We all know smartphones have taken over as the device of choice for accessing the Internet — and this shift should play a big role in how businesses use data, and make data useful, in 2016. Data-intensive interrelationships between businesses, their partners, their employees and their customers will drive the changing face of businesses technology in 2016.
Roughly 51 percent of digital media is now consumed via smartphone, according to the consultancy KPCB, compared with only 42 percent via desktops and laptops.
This shift is having wide-ranging effects, shaping all five of the biggest technology trends businesses will face in the coming year. Here’s how:
1. Frictionless Purchasing
Consumers all carry Internet browsers in their pockets thanks to the prevalence of smartphones, and ComScore found that 11.3 percent of all web viewers now rely solely on their mobile devices for getting online. Ubiquitous Internet access has made online shopping easier than ever—but not the payment side of things.
This thankfully is starting to change, however. Companies like Apple and Google, as well as Paypal and a raft of upstarts such as Square, are now tackling the problem of mobile payment head on, and 2016 will be a big year for frictionless payment solutions.
The goal is a digital wallet scheme where consumers no longer need to pull out their credit cards for purchases, be it online or at a physical retail outlet. Technologies like Apple Pay are attacking the physical store side of frictionless payments, and there’s a big push from Apple and others to make online purchasing from a mobile device as easy as clicking “Buy Now” and accessing a stored credit card account.
2. Cloud Services for Everything
If mobile devices are becoming the primary computing device for many and an adjunct to those of us who still prefer laptops, then ever more storage, computing power, and business systems must reside in the cloud for access anywhere.
This comes as no surprise; in fact, 93 percent of all businesses already use the cloud, according to a recent State of the Cloud report by RightScale. There’s still much more room for growth, however, since the same study found that 68 percent of businesses run less than a fifth of their applications in the cloud.
Given the increasing penetration of mobile usage, this year should see even more adoption of cloud services as both businesses and consumers complete the migration to the cloud. Research firm IDC predicts that global software-as-a-service revenue will reach $106 billion in 2016 as adoption continues to expand, a 21 percent increase over 2015 levels.
3. Embedded Communications
Nobody wants to switch apps in the middle of a purchase or hunt for a way to contact customer service when a problem arises. This might not be a big deal for consumers who buy things online and visit web sites from a laptop, but it becomes a huge issue for mobile users.
This need for seamless communication from mobile devices is leading to the rise of embedded rich communications within apps and directly from web pages, and 2016 will be the year when it becomes easy to contact customer support in a rich communications environment.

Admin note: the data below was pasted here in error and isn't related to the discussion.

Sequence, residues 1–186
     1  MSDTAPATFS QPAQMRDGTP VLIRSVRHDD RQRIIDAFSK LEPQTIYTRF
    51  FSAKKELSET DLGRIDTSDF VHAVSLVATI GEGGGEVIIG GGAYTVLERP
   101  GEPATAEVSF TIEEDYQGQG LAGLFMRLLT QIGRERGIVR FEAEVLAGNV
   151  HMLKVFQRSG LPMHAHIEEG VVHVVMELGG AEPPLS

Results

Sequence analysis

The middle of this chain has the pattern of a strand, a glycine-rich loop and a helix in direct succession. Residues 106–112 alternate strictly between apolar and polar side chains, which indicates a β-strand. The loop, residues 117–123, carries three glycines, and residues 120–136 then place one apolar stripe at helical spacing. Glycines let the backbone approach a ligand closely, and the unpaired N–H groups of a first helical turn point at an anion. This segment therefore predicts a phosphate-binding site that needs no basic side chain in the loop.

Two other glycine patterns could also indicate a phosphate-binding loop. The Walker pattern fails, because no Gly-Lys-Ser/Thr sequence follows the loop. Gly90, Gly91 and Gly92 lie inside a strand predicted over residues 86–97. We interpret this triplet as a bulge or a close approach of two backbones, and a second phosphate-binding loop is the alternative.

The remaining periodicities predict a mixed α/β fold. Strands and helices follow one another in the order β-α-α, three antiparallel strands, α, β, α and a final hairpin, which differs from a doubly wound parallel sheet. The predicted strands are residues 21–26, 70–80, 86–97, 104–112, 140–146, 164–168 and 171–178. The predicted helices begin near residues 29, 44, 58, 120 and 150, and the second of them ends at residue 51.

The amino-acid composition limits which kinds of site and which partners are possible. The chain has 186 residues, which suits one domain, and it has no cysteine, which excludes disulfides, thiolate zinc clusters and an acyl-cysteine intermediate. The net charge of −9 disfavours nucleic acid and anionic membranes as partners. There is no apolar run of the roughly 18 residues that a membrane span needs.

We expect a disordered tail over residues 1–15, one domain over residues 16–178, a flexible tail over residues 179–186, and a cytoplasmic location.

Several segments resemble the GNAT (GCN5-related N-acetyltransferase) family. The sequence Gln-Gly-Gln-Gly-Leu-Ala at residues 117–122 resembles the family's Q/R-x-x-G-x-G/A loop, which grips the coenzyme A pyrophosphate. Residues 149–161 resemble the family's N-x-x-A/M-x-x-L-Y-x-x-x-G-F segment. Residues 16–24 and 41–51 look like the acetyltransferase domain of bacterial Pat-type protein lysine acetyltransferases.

4. Improved Security
With employees carrying data out of the office on mobile devices, customer information housed in the public cloud, and an increase in communications on smartphones via unified communications and over-the-top solutions such as Skype, security is a bigger issue than ever.
Firms are not doing so well on the security front, either; there were 783 reported data breaches in the U.S. last year, according to the Identity Theft Resource Center, and stats for 2015 probably will not be any better.
Security has become one of the biggest issues in business technology, and 2016 should be the year that businesses start to take better precautions.
Putting security at the forefront will mean encryption during transport and at rest, improved bring-your-own-device management and security, adoption of cloud solutions that take security as a fundamental priority, and better security awareness, among other things.
5. Wearables in the Workplace
Smartphones have made workers more mobile and responsive to real-time data during the course of the workday. Businesses are embracing the opportunity this brings by incorporating smartphones and connected tablets into a range of business processes.
Carrying around a tablet or pulling out a smartphone every few minutes is cumbersome and often time consuming—a problem the burgeoning wearables trend looks to address.
While businesses are still figuring out the exact ways that wearables, such as the Apple Watch, can be put to good use for business, developers are already hard at work on apps that deliver timely business notifications and reduce the need for employees to constantly check their smartphones or tablets. The wearables trend in business should start to pick up late in 2016 and continue well into 2017 and beyond.
The past few years have seen mobile dominating tech trends. This will continue in 2016, with businesses building off of mobility, seizing the natural advantages of the platform, and ironing out some of the kinks that mobile devices bring to the table.
Peter Scott is a journalist and editor who has been covering business, technology and lifestyle trends for more than 20 years. You can contact him at PeterEditorial@gmail.com. And JT Ripton is a business consultant and blogger who enjoys writing about many things, business and technology among them. Ripton’s advice has appeared in numerous places like BusinessInsider, Entrepreneur.com, The Guardian, and The Street. Follow him @JTRipton